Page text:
"What are the facts? Again and again and again—what are the facts? Shun wishful thinking, ignore divine revelation, forget what 'the stars foretell,' avoid opinion, care not what the neighbors think, never mind the unguessable 'verdict of history,'—what are the facts, and to how many decimal places? You pilot always into an unknown future; facts are your only clue. Get the facts!" — Lazarus Long
Robert A. Heinlein (1907-1988), the science fiction writer who showed all the other science fiction writers How To Do It, was all about competence. Facing reality. Getting things done. Moving ahead. Not moping. Complaining was okay, and Heinlein did his share. He had lots of health problems, for one thing. And he didn't always like how things were going in the world, for another thing. But then came optimism.
Heinlein started publishing science fiction a few years after Rand's We the Living first saw print. He could hardly be called a Randian, yet he did recognize in Ayn Rand at least a partially kindred spirit; his classic The Moon is a Harsh Mistress, published in the late 60s, described a sentient computer as the "John Galt" of a lunar revolution against a tyrannical Earth. And as the above quote from the notebooks of Heinlein character Lazarus Long suggests, he was certainly a friend of objectivity as well as of freedom. His later work provides ample evidence he had nothing against sex either. Lots.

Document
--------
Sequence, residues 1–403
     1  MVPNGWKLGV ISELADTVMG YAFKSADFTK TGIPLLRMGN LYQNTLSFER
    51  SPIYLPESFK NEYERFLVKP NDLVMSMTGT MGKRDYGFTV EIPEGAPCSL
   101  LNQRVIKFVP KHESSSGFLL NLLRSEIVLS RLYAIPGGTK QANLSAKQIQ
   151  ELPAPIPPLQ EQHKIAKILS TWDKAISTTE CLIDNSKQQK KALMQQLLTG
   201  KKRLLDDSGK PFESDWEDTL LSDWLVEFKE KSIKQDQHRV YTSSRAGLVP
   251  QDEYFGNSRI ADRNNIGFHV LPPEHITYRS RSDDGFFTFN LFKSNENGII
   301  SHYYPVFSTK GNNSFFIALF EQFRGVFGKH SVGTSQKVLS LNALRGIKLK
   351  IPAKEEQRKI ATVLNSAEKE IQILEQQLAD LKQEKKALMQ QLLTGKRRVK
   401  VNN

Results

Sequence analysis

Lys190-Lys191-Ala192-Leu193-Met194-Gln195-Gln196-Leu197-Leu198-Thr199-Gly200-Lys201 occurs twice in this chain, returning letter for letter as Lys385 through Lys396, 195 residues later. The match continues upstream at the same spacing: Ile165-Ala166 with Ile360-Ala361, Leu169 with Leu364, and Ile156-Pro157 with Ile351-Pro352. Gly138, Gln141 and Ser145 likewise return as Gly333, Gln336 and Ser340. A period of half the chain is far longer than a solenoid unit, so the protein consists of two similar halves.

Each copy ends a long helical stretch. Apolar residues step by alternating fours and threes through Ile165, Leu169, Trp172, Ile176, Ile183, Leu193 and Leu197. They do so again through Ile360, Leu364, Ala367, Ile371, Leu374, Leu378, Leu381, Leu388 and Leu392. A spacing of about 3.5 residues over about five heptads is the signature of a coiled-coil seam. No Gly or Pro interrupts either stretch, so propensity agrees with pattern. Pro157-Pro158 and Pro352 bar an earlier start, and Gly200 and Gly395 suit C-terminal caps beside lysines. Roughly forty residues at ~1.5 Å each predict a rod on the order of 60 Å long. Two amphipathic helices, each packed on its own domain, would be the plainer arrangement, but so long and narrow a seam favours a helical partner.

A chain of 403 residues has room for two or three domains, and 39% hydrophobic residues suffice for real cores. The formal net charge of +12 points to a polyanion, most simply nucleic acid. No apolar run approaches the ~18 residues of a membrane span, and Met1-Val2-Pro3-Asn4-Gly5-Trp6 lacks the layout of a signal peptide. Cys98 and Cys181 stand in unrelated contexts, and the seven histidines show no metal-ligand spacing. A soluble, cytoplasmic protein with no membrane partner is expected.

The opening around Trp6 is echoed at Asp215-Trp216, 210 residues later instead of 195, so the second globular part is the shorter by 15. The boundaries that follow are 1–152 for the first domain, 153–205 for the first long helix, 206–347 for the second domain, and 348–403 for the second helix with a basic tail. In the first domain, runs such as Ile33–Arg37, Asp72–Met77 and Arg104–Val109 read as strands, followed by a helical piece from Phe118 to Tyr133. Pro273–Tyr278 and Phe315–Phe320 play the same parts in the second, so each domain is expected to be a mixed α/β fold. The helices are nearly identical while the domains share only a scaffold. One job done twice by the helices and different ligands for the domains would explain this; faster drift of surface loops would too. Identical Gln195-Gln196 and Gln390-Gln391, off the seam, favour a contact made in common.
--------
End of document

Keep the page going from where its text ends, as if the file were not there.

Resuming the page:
While some in the science fiction world sneered at Bob Heinlein as a "conservative," or even a "fascist" (the catch-all phrase used by some lefties to label anyone who believes in personal responsibility), at core the man was as libertarian as they come.
He painted a "future history" in which roads rolled because capitalists willed it, space travel was a private enterprise, and profitable justice was objective justice. He wrote vivid, conversational, snap-crackle-pop prose that plunked you right smack-dab in the middle of the future the way you knew it had to be; a future fought for and won by strong, friendly, resourceful men and women. About a million later-generation sf scribblers worship at the altar of Heinlein, among them libertarians L. Neil Smith and J. Neil Schulman (and Schulman has even published a book-length interview with the Master).
Want to do what Heinlein did? Here are the rules, as enunciated by RAH himself:
- You must write.
- You must finish what you write.
- You must refrain from rewriting, except to editorial order.
- You must put the work on the market.
- You must keep the work on the market until it is sold.
Heinlein was a military man forced to retire for health reasons. Only then, in his thirties, did he pick up his pen professionally. What a break for the rest of us. When we get to the future, we won't be strangers in a strange land. We'll have been there already.
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14 Jan 2009